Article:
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PHOTO: Seth Capitulo

It’s not business as usual anymore, and IT teams in particular are feeling it.

As budgets shrink and customer journeys grow in complexity, IT teams face tremendous pressure to find technology that is cost-effective for the business while still being valuable for customers.

So IT teams must be intentional and strategic about the customer experience (CX) technologies they invest in. This explains why the planning and writing of the RFP alone can take upwards of three months. While the careful examination and assessment of individual features is necessary, IT teams can often get lost in these specifics and forget the purpose of the evaluation.

In order to adopt technologies that will be most beneficial to the organization as a whole, IT teams must zoom out to understand the big picture behind any CX technology: customer engagement, adoption and retention.

We should ask ourselves every time we invest either time or money into a project: does it advance my customer engagement, adoption and retention?

A CX Investment That Pays

Instead of homing in on a specific pain point and searching for an immediate solution, take a step back to evaluate if the tool is able to serve the greater customer journey.

While IT teams will still need to assess the technical functionalities of their CX tools, remember to first consider if the tool will:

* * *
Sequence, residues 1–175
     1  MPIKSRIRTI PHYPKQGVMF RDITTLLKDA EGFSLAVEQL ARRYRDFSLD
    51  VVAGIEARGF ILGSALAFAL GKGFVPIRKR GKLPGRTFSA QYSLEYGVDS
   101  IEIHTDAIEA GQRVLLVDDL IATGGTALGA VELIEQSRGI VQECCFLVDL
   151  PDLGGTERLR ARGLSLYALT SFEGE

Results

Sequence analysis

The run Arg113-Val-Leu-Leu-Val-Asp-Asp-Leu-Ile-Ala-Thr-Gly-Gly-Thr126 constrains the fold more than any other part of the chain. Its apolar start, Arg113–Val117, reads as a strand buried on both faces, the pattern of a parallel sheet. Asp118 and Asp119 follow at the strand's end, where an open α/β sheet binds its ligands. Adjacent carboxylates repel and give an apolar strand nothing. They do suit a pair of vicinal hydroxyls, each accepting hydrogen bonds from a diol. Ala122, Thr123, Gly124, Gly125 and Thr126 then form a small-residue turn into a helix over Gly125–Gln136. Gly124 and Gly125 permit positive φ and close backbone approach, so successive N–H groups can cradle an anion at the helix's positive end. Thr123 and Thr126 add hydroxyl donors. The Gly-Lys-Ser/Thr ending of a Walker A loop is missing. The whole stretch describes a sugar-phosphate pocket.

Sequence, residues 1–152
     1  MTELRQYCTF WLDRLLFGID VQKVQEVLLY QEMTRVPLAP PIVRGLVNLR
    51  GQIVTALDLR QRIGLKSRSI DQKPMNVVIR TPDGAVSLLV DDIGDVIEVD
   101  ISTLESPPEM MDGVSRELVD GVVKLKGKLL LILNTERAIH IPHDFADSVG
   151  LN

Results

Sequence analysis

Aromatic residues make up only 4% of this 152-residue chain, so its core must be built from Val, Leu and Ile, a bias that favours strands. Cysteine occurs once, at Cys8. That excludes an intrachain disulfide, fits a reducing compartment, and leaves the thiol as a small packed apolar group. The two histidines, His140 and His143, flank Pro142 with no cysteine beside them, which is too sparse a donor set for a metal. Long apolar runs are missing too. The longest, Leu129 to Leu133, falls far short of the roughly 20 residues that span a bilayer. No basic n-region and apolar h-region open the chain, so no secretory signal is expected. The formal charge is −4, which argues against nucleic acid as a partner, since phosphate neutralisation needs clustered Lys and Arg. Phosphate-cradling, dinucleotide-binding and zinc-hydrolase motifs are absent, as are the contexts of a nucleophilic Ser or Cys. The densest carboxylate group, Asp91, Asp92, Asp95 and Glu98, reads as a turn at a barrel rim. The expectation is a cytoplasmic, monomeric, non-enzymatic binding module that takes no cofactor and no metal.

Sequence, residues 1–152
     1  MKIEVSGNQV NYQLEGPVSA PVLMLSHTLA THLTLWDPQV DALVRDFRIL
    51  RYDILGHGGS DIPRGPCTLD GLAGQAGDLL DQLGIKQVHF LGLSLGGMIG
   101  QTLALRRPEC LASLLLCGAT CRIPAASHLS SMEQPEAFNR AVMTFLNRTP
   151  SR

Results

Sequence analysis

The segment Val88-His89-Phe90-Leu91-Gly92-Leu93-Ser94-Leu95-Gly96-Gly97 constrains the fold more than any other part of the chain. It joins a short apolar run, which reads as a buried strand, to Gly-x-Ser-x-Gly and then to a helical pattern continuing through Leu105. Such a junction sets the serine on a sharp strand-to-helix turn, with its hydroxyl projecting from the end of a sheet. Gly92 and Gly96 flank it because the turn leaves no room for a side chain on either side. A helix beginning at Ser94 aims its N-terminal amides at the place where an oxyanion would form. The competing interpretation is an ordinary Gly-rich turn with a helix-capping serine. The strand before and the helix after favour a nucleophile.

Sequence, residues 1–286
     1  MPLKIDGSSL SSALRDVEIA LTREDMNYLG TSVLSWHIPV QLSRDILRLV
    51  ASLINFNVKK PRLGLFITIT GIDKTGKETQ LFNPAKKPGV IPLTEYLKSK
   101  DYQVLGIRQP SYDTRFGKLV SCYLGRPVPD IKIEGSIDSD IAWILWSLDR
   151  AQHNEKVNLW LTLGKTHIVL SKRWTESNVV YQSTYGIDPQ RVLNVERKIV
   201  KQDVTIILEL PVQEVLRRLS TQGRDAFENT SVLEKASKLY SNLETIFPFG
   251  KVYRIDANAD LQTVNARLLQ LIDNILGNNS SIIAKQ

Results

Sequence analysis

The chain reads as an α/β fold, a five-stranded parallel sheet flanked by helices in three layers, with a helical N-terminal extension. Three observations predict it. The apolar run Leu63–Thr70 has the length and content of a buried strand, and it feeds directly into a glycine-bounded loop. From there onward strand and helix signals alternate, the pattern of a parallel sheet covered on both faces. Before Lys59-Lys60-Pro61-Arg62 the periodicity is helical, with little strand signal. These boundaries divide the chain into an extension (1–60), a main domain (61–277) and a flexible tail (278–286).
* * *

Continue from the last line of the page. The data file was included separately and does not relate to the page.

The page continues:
• Grow engagement: Does the technology make the user’s experience easier and more streamlined?
  • Increase adoption: Will users continue to actively use, or “stick” to your tool?
  • Improve retention: How does the tool nurture customer loyalty and encourage growth?

It’s not worth your time, resources and investment if the technology is only able to address a single issue or stage of the customer journey. Make your technology investments worth it, not only for your business’s bottom line but also for your customers.

This not only applies to external customers, but also for internal customers such as your employees, partners and dealers. IT must also look for technologies that can engage and satisfy these users throughout their entire journey, lest they face consequences such as high rates of employee turnover and low partner satisfaction.

Related Article: Why We Need a Grand New Compromise in Content Management Systems

The Evolution of CX Tools: From CMS to DXP

Myriad technologies have tried to tackle the customer journey but fallen short. For example, CMSs were effective for attracting prospects with engaging websites but could not sustain customer relationships after purchase. On the other hand, portals could help nurture long-term customer relationships but lacked the capabilities needed to attract anonymous users. No technology was designed to serve customers across their entire journey, until digital experience platforms (DXPs) entered the scene.

cm portals dxp

Related Article: DXP? Web CMS? Content Services Platform? Navigating the Chaos of Vendor Categories